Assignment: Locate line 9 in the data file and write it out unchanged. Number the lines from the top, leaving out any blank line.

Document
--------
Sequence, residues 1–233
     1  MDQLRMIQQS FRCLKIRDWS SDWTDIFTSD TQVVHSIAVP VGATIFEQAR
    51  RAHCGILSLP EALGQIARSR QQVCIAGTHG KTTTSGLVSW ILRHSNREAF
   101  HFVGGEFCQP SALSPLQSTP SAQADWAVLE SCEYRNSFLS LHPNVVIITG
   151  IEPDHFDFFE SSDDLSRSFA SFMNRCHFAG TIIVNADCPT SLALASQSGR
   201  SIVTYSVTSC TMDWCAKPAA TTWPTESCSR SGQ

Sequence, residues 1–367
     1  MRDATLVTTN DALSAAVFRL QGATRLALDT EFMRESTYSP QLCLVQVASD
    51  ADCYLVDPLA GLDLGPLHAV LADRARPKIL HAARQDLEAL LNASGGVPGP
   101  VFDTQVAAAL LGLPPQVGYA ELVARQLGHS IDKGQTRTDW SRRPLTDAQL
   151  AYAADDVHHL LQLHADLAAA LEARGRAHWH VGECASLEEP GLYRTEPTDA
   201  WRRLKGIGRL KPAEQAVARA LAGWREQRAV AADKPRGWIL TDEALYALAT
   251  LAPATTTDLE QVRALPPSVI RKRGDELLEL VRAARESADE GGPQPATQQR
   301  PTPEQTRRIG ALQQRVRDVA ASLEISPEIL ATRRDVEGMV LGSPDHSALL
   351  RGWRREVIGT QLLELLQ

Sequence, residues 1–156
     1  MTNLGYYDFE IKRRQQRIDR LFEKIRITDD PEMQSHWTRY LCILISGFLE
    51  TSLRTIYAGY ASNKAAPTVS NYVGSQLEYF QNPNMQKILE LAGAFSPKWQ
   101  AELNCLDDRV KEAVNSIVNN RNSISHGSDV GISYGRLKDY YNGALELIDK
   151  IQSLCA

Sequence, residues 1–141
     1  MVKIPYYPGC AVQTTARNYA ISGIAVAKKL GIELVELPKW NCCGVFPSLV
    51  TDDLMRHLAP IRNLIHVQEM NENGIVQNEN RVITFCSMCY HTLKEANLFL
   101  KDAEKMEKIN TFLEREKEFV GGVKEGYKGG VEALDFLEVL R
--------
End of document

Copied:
    51  ADCYLVDPLA GLDLGPLHAV LADRARPKIL HAARQDLEAL LNASGGVPGP